the good, the bad & the ugly co-ops

Much has been written about how valuable daap’s co-ops are, but very little has been written about which firms or corporations give the best co-op experience. Is it inappropriate to name names in an open forum? What are the coveted co-ops? Could people share their horror stories? I’ll be starting at uc in the fall; I’ll be an id (design track) guy. Is it unheard of to land an internship the summer after your first year? Perhaps it’s ridiculous to be scheming so far in advance, I’m just very curious. I’ll repent by drawing my can-opener every-which-way today.

What might be a great co-op fit for one student, might be a horror story for another (you know, the old one man’s garbage is another man’s treasure thing)…

also, even a bad experience will teach you things even if through showing you what you don’t want to do.

agreed. even the worst experience has a valuable lesson. i would think the worst, to me, would be fetching coffee in some role stereotypical from the '80s, feeding the ego of a pompous designer. both of my interships led to professional jobs with both of those companies. it sounds cliche, but what you get from an internship is based on what you put into it.

Early on in school at DAAP i decided i wanted to be a consultant. I figured I’d like to work on lots of different stuff. So I went out and tried to find co-ops that gave me the experience of designing lots of different things and at the same time helped me develop a voice as a storyteller. So here are my co ops and what i got out of them.

Lexmark spring 2003- designing printers. this was my first co op and i spent alot of time in the model shop sanding and painting REN. This experience was valuable because i was paying my dues. learning old school shit they dont teach in any school period. the harder i worked in the model shop the more tid bits of actual design were thrown my way.

Lexmark fall 2003- yeah i went back. because when you’re a soph. in design school you’re lucky if you found a decent co op the first time out. i did and when i came back a second time they let me design an entire printer.

Ethicon Endo-Surgery spring 2004- i did a lot of hardcore CAD and form development here. it was a great opportunity to learn about true ergonomics… not the shit you read about in a book but the shit you see in real life (the first time i ever really did observational research). most importantly i learned how to get my mind wrapped around quite complex concepts (i.e. anatomy and surgical procedures) very quickly.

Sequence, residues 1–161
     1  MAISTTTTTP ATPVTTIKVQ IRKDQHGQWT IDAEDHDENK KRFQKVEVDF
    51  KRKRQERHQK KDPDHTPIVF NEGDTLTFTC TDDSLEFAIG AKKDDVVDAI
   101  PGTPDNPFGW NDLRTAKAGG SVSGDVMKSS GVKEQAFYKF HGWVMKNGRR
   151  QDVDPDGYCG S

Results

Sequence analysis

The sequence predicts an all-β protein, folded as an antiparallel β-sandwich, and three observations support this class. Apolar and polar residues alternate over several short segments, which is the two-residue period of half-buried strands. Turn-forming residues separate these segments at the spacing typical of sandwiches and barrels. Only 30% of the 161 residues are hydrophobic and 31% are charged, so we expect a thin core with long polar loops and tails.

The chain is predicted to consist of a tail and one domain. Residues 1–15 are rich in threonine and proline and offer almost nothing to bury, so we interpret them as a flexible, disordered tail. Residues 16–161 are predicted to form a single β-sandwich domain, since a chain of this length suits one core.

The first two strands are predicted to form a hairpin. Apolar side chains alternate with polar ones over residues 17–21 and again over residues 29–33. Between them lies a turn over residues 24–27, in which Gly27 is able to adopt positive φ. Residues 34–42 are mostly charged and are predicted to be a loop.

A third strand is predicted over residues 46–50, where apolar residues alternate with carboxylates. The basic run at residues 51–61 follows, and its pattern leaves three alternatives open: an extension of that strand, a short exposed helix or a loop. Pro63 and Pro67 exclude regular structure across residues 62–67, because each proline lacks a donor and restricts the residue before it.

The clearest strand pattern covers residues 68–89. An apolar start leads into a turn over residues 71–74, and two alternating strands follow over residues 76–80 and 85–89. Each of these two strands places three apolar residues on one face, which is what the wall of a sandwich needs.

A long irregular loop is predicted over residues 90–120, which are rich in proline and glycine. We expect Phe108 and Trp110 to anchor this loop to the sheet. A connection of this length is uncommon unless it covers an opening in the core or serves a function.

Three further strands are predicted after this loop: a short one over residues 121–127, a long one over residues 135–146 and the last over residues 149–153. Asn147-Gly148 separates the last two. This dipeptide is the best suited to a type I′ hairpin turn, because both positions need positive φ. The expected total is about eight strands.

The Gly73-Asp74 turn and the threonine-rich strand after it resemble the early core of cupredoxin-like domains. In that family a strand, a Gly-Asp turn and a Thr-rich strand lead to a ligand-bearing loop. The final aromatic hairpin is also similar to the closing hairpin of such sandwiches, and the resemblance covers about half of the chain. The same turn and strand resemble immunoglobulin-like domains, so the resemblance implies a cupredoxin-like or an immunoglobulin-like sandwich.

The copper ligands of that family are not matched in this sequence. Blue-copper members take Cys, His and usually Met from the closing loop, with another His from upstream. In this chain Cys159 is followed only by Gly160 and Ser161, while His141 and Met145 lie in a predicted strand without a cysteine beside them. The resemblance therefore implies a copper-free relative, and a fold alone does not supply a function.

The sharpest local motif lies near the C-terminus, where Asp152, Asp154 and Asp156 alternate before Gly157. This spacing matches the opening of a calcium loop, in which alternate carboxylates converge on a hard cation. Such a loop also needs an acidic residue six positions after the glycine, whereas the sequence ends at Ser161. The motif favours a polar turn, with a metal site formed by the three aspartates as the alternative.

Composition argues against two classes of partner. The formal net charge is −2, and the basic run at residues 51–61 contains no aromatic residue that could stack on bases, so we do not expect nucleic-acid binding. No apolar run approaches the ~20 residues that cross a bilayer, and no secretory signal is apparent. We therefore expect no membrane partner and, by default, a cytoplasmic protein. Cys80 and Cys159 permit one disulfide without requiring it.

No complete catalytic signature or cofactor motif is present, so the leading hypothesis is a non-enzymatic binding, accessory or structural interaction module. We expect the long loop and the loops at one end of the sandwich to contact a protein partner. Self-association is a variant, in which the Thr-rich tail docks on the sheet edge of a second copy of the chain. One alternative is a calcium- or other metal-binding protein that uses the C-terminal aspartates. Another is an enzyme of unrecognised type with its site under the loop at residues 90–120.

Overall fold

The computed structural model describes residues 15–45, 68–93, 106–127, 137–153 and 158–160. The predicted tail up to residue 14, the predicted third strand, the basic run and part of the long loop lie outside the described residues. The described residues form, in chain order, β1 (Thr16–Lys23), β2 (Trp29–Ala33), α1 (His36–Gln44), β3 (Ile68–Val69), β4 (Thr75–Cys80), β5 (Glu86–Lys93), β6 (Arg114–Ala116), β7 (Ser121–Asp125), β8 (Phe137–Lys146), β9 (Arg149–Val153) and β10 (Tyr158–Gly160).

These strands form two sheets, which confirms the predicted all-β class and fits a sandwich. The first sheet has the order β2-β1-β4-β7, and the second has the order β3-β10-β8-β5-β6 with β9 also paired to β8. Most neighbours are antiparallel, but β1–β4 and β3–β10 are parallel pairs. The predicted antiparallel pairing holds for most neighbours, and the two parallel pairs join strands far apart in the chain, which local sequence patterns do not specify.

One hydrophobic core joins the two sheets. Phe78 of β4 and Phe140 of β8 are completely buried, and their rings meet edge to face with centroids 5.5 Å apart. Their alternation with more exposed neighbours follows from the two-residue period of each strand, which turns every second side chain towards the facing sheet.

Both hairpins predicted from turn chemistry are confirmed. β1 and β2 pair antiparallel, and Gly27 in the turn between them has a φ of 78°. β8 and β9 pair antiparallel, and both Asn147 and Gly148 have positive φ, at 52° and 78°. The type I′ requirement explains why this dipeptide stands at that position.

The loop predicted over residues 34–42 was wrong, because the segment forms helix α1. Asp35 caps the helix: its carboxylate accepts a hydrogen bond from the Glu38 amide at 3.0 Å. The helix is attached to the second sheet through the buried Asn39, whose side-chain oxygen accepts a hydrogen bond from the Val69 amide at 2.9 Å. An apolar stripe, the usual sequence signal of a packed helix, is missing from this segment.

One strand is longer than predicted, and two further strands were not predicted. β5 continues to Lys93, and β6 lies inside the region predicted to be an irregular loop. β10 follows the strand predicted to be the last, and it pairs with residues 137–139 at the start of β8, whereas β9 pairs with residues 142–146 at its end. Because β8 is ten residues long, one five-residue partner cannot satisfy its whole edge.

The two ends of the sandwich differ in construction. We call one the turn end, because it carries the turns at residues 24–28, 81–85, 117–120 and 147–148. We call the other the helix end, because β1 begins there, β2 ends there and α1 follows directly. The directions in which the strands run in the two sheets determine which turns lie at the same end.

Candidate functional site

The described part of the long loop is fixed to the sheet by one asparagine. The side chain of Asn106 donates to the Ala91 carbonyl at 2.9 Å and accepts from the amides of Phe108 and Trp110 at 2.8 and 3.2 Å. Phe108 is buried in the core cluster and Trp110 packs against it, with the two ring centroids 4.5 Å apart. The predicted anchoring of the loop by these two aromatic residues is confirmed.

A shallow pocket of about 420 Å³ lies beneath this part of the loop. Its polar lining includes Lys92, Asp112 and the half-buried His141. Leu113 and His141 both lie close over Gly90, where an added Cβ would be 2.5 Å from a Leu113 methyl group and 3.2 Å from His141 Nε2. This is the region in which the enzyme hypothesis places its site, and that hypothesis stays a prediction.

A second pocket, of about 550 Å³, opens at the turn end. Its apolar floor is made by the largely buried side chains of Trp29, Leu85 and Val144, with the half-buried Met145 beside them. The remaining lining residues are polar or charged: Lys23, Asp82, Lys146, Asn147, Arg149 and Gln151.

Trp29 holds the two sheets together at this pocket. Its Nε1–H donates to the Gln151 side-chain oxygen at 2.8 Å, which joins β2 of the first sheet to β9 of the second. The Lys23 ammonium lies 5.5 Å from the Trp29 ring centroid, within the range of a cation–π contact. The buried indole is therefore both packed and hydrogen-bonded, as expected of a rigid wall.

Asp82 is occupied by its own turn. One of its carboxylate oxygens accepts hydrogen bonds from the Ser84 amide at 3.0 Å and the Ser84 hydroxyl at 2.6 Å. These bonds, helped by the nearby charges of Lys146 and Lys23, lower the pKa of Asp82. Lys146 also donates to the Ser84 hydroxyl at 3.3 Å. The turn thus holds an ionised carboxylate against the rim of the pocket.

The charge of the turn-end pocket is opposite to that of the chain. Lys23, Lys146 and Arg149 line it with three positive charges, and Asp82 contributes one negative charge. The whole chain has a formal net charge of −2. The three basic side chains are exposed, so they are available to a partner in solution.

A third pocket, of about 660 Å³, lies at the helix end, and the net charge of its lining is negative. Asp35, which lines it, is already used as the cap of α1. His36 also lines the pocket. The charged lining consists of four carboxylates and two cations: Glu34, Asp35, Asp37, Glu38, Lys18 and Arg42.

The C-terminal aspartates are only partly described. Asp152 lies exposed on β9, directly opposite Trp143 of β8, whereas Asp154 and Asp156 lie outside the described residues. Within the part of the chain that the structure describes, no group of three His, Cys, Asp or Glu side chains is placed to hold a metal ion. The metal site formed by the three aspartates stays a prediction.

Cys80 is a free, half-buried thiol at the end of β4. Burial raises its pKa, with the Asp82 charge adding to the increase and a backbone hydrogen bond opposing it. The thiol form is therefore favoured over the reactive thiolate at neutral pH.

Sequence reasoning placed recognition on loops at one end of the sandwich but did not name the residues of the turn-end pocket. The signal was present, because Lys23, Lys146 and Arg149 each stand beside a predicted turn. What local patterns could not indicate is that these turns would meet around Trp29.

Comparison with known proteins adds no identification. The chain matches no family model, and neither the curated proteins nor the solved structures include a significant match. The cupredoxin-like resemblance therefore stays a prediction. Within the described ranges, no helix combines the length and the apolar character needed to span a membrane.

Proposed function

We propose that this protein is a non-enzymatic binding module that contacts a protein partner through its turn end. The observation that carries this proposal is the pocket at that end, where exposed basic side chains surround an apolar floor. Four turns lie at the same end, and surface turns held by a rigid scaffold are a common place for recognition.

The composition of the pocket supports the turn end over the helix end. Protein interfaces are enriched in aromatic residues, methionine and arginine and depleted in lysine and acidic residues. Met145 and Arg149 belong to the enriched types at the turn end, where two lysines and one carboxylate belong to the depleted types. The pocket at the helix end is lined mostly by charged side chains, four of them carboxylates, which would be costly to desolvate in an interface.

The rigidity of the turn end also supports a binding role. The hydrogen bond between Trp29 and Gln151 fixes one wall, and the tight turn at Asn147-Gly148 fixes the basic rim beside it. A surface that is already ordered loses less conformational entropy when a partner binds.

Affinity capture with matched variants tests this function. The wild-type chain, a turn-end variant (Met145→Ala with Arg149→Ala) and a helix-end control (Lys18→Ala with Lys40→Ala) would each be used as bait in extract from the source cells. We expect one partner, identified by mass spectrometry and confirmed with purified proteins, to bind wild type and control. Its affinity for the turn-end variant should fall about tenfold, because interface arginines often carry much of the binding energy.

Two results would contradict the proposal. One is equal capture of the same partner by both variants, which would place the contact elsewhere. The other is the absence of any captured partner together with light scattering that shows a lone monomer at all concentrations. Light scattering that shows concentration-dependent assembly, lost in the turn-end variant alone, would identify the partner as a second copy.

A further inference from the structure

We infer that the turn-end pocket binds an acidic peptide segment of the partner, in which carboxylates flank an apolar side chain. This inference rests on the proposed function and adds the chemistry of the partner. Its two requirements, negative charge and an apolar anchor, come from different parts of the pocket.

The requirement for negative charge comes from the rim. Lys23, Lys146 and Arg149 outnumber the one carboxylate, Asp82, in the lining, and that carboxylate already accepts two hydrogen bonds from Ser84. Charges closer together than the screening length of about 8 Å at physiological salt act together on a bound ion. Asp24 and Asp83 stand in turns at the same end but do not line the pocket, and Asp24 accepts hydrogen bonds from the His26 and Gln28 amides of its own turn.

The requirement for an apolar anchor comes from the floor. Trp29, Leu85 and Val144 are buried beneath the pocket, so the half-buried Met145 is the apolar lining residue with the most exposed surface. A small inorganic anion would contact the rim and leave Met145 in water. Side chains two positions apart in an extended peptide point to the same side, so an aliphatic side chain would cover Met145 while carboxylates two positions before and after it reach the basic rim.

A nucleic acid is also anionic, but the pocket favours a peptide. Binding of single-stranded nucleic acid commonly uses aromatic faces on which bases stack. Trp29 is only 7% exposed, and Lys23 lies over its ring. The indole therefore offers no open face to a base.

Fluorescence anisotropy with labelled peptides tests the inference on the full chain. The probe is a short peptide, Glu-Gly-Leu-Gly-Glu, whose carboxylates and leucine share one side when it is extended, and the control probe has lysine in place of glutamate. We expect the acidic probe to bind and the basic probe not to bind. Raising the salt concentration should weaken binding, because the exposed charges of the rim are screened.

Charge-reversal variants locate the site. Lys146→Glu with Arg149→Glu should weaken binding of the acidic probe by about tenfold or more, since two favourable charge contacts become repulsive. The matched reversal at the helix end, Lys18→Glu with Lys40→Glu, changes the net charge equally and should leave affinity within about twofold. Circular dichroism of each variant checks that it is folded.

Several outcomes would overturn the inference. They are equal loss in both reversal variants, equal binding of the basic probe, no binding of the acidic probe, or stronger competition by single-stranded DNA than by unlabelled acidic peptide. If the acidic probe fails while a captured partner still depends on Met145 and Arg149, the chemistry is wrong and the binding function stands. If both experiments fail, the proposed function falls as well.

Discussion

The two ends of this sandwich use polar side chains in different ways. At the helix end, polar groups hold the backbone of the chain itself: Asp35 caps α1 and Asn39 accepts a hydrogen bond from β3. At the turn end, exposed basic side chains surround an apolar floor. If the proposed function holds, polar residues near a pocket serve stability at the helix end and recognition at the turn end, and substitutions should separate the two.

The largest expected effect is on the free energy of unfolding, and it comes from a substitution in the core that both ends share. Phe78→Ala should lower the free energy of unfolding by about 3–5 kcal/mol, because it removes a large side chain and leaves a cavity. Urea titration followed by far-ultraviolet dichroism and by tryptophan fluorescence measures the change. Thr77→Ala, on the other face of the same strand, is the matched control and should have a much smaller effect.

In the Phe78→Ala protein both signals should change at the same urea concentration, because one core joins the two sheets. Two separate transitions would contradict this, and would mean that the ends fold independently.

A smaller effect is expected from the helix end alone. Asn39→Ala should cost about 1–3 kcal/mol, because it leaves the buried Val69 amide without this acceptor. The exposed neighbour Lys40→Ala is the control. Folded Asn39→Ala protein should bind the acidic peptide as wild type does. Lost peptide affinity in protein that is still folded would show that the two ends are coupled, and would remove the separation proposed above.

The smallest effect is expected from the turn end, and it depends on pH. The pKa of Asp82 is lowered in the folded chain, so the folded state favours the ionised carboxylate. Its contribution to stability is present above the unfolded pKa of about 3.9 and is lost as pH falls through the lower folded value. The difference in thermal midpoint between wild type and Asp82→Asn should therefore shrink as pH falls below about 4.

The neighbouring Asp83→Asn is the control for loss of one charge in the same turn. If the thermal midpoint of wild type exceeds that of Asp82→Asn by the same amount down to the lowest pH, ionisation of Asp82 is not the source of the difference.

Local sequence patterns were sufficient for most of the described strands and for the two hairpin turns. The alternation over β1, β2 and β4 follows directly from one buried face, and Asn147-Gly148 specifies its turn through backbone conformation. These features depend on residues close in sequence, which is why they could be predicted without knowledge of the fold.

Design Continuum fall 2004- bottom line a great firm. i learned what design research was (not mood boards and crap like that) actually going out and talking to people and making connections between what they do and the problems they have. I also learned a great deal about the difference between being a great designer and a good designer. thats kind of a long story but a lot of it has to do with focus and being interested whatever is put in front of you. anyone can design for the glamorous problem but a really great designer can make even a garbage disposal hot. oh yeah and i was at the Cask and Flagoon for Game 4 of the World Series (ground zero for curse breaking craziness).

Nike spring 2005- This was arguably my most complete internship. My goal was to make every experience a design experience. Anything i could get my hands on i was going to design the f**k out of. And I was going to make it mean something. i worked for the women’s performance team but i ran all over campus sketching shit for people (thats how i met DiTullo). in the end i think i designed 2 water bottles, 1 lifting glove, 2 concept shoes, one survival guide to footwear design, and had one shoe actually come out in stores last winter. Plus I had a sweet pad in the pearl district and led an undefeated softball team.

Rockwell Group fall 2005- So I thought I was interviewing for a job with Tucker Viemeister at Springtime USA… I actually was interviewing for a job with him at Rockwell. Who cares it was Tucker. It was a great chance for me to think about design in regards to spaces and point of purchase. In the end it was an invaluable opportunity for me to work with an ID giant and stretch myself as far as i could.

Now I work at IDEO in Chicago and i’m quite happy. This is pretty much where i wanted to be from the beginning (although Nike made my after grad decision a bit tougher).

I guess the original poster was asking what co ops are the “best”. i dont think its hard to come up with a dream list of places to work. the important part is to learn something no matter where you go. its always what you make of it. i know people that have interned at some hot places and have nothing to show for it and people that went to some small place no one has ever heard of and come out of there with some award winning shit.

sorry for writing such a f**king novel but i thought i’d put in my 4 cents.

thanks for making me feel like an underachiever. :laughing:

sorry kung fu… that was not my intention. i was just trying to be honest about my experiences.

i think it’s really important for kids to become self aware at an early stage in school. in the end its all about deciding what you want to do when you’re out of school and figuring out a plan to reach that point. i think we all agree that it is nice to have a pretty resume but what matters more is what you actually learned while you were there.

like i said i was just sharing my story with the kid.

yeah i know. :slight_smile:

that’s great advice. i cannot stress the importance of these interships to students i talk to.